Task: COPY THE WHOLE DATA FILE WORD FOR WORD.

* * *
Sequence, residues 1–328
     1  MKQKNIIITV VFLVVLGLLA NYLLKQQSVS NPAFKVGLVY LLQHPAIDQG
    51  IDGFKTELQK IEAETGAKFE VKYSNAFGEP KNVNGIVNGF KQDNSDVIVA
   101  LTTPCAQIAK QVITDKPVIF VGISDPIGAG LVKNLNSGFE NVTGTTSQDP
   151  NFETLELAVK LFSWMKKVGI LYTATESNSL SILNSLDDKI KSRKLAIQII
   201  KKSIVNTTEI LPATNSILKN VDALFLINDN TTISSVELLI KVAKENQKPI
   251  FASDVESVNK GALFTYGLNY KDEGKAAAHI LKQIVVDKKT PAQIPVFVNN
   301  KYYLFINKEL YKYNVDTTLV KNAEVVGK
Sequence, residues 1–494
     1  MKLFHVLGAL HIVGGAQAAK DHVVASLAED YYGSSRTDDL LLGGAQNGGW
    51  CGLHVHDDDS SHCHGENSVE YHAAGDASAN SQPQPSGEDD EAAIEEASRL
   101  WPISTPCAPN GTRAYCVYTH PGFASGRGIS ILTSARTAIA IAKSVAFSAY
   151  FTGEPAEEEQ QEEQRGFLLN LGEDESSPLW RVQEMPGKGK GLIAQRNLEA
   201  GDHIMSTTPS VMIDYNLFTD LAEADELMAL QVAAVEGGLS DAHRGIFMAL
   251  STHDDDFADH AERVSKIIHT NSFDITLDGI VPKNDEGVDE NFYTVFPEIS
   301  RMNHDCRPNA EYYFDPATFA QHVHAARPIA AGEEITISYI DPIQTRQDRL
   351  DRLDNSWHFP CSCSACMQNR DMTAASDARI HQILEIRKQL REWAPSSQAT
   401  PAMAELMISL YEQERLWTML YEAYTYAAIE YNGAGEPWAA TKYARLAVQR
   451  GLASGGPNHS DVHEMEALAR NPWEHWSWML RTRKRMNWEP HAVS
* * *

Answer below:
Sequence, residues 1–328
     1  MKQKNIIITV VFLVVLGLLA NYLLKQQSVS NPAFKVGLVY LLQHPAIDQG
    51  IDGFKTELQK IEAETGAKFE VKYSNAFGEP KNVNGIVNGF KQDNSDVIVA
   101  LTTPCAQIAK QVITDKPVIF VGISDPIGAG LVKNLNSGFE NVTGTTSQDP
   151  NFETLELAVK LFSWMKKVGI LYTATESNSL SILNSLDDKI KSRKLAIQII
   201  KKSIVNTTEI LPATNSILKN VDALFLINDN TTISSVELLI KVAKENQKPI
   251  FASDVESVNK GALFTYGLNY KDEGKAAAHI LKQIVVDKKT PAQIPVFVNN
   301  KYYLFINKEL YKYNVDTTLV KNAEVVGK
Sequence, residues 1–494
     1  MKLFHVLGAL HIVGGAQAAK DHVVASLAED YYGSSRTDDL LLGGAQNGGW
    51  CGLHVHDDDS SHCHGENSVE YHAAGDASAN SQPQPSGEDD EAAIEEASRL
   101  WPISTPCAPN GTRAYCVYTH PGFASGRGIS ILTSARTAIA IAKSVAFSAY
   151  FTGEPAEEEQ QEEQRGFLLN LGEDESSPLW RVQEMPGKGK GLIAQRNLEA
   201  GDHIMSTTPS VMIDYNLFTD LAEADELMAL QVAAVEGGLS DAHRGIFMAL
   251  STHDDDFADH AERVSKIIHT NSFDITLDGI VPKNDEGVDE NFYTVFPEIS
   301  RMNHDCRPNA EYYFDPATFA QHVHAARPIA AGEEITISYI DPIQTRQDRL
   351  DRLDNSWHFP CSCSACMQNR DMTAASDARI HQILEIRKQL REWAPSSQAT
   401  PAMAELMISL YEQERLWTML YEAYTYAAIE YNGAGEPWAA TKYARLAVQR
   451  GLASGGPNHS DVHEMEALAR NPWEHWSWML RTRKRMNWEP HAVS